1..Which among the following is not a macro-economic stabilisation policy?

A. High Government expenditure for poverty alleviation.

C. Inflation targeting
D. Export promotional offers
  • Answer: A
  • Exp: Macroeconomics is a branch of the economics field that studies how the aggregate economy behaves. It studies the behaviour and performance of an economy as a whole.
  • In macroeconomics, a variety of economy-wide phenomena is thoroughly examined such as, inflation, price levels, rate of growth, national income, gross domestic product and changes in unemployment.
  • Macro-economic stability means controlled fiscal deficit, controlled current account deficit, and controlled inflation along with stable growth. High government expenditure for non capital expenditure will result in possibility of de-stabilisation.
  • The Fiscal Responsibility and Budget Management Act, 2003 (FRBMA) is an Act of the Parliament of India to institutionalize financial discipline, reduce India’s fiscal deficit, improve macroeconomic management and the overall management of the public funds by moving towards a balanced budget.Inflation targeting is a monetary policy regime in which a central bank has an explicit target inflation rate for the medium term and announces this inflation target to the public.

2..Which among the following is not a micro-economic structural reform?

A. Delicensing of textile industry

B. Deregulation of cement price
C. Repealing FERA
D. Dereservation of telecom
  • Answer: C
  • Exp: Microeconomics is the study of individuals, households and firms’ behavior in decision making and allocation of resources.
  • It generally applies to markets of goods and services and deals with individual and economic issues.
  • The Foreign Exchange Regulation Act (FERA) 1973, imposed strict regulations on transactions involving foreign exchange and controlled the import and export of currency.
  • FERA was repealed by the government in 1999 and replaced by the Foreign Exchange Management Act (FEMA), which liberalized foreign exchange controls and removed many restrictions on foreign investment.
  • Repealing FERA is not sector sensitive and therefore it is a macro-economic policy reform. All others are targeting specific sectors and so micro economic.

3..Which among the following is not a reserved industry?

A. Nuclear power generation

B. Railway services
C. Atomic mineral value addition
D. Defence ordinance manufacturer


Answer: D
Exp: Defence ordnance or industrial explosives are in licensed category and not reserved category. It has been shifted since June 2015. Rest all are exclusively reserved for public sector reservation.

4..Which among the following is not a second generation reform?

A. Amendment of Apprentice Act

B. Insolvency and Bankruptcy Code
C. Real Estate Regulation Act
D. Interest Rate Deregulation
  • Answer: D
  • Exp: The term `second generation reform’ was coined by the IMF in the context of the perception by some that the globalisation of the world economy, while benefiting developing countries to a degree with an increase in trade and investment, would also create certain problems of a magnitude sufficient to result in their near or complete marginalisation.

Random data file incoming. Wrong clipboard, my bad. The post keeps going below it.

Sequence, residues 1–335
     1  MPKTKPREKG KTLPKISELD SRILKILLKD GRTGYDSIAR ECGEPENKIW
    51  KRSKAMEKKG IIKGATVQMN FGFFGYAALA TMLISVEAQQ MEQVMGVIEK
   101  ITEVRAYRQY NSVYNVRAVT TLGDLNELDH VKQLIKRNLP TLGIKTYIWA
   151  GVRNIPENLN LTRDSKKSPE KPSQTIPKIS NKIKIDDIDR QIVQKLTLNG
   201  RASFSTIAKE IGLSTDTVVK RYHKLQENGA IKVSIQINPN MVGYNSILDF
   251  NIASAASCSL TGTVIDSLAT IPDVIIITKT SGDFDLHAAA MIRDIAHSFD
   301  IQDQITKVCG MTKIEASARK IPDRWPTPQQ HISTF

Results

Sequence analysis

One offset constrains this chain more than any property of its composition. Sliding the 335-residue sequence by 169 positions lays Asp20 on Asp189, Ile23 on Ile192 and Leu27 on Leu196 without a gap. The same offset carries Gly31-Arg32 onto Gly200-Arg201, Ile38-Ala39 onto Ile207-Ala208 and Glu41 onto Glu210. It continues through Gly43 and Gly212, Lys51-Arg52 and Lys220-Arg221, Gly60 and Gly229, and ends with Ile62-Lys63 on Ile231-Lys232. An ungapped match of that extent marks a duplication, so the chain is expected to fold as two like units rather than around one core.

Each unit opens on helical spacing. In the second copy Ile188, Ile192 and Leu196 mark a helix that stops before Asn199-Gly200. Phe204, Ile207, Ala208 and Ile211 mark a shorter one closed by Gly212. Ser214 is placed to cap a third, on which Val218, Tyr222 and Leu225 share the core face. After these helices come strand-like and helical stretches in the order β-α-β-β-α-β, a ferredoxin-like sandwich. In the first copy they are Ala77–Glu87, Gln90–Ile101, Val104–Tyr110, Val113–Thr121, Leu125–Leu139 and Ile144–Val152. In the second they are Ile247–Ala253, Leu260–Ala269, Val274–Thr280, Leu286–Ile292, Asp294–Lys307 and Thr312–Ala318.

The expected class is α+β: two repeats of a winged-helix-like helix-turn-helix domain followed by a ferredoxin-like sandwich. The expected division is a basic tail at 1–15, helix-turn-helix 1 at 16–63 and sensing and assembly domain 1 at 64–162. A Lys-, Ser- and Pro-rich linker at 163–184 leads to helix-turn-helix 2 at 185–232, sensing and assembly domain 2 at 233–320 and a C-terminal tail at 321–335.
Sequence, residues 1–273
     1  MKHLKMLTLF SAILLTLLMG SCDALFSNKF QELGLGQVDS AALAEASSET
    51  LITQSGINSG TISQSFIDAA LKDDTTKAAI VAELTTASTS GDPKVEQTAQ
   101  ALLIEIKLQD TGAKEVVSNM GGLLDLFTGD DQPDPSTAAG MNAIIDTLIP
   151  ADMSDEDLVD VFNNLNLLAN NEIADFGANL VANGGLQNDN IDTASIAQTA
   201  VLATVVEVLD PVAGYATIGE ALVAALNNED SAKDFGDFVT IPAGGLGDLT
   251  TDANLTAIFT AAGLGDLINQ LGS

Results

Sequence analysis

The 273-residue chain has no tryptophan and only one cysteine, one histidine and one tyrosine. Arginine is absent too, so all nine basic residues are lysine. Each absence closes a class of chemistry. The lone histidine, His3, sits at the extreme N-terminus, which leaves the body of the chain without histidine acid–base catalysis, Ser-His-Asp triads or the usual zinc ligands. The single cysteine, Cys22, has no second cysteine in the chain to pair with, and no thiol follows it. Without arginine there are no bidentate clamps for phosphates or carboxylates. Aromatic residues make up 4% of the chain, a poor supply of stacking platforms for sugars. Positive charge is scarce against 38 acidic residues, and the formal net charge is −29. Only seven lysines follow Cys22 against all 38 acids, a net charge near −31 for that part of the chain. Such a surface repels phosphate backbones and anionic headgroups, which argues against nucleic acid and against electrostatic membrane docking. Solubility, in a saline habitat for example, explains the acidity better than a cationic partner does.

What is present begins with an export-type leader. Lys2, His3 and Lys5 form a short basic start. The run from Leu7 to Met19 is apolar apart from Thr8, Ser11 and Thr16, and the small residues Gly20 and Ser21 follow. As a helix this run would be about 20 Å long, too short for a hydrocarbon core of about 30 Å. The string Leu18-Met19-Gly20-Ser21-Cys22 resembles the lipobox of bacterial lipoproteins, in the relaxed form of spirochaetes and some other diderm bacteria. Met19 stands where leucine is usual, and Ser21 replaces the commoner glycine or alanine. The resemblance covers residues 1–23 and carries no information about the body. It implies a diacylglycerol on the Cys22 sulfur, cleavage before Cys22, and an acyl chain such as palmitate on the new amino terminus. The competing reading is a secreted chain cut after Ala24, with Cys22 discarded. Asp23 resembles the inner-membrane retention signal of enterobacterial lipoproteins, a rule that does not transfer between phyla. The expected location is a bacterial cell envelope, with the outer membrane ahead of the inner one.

• The IMF intended that second generation reform would supplement basic reform structured on the achievement of balance of payments viability, reduction of government deficits, trade liberalisation and a reduction of the role of the state.
  • Second generation of economic reforms in India gave special stress on fiscal reforms, financial reforms, structural reforms, labour law reforms etc. Apprenticeship Act Reform is a part of Labour Law Reform.
  • IBC is an exit law reform and RERA is related to land distribution reform but interest rate deregulation was done with 1st generation reforms in 1997.

5..What is crowding out?

A. Decrease in private consumption due to rise in government expenditure
B. Decrease in private investment due to rise in government expenditure
C. Decrease in private expenditure due to inflation
D. None of the above
  • Answer: B
  • Exp: The crowding out effect is an economic theory arguing that rising public sector spending drives down or even eliminates private sector spending.
  • Sometimes, government adopts an expansionary fiscal policy stance and increases its spending to boost the economic activity.
  • Usually this increase in government spending is funded using higher taxes or borrowing on part of the government.
  • When governments raise taxes in order to introduce or expand welfare programs, individuals and businesses are left with less discretionary income, which can reduce charitable contributions.
  • In this respect, public sector expenditures for social welfare can reduce private sector giving for social welfare, offsetting the government’s spending on those same causes.
  • Higher borrowings by the Government has the effect of absorbing the economy’s lending capacity by increasing interest rate and thus discouraging businesses from making capital investments.

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